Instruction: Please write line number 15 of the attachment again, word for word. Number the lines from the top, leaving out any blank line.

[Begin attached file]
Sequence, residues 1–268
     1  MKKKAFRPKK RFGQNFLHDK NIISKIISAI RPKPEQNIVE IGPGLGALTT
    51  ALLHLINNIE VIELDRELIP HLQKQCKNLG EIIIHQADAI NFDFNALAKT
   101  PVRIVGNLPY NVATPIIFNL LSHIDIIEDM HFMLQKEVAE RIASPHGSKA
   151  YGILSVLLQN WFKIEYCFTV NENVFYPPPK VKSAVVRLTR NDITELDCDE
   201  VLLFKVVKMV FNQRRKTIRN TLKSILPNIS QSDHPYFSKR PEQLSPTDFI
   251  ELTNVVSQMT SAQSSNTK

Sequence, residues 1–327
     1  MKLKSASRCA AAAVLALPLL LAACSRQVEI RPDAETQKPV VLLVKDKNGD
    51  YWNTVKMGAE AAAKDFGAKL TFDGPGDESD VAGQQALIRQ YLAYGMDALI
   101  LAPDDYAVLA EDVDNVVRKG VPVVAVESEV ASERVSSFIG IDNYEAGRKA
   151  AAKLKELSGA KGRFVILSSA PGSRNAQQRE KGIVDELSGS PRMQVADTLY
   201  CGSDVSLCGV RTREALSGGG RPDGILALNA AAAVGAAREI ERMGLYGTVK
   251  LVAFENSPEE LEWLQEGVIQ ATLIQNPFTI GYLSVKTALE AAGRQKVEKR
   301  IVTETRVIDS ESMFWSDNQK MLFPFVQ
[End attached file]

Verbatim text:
   301  IVTETRVIDS ESMFWSDNQK MLFPFVQ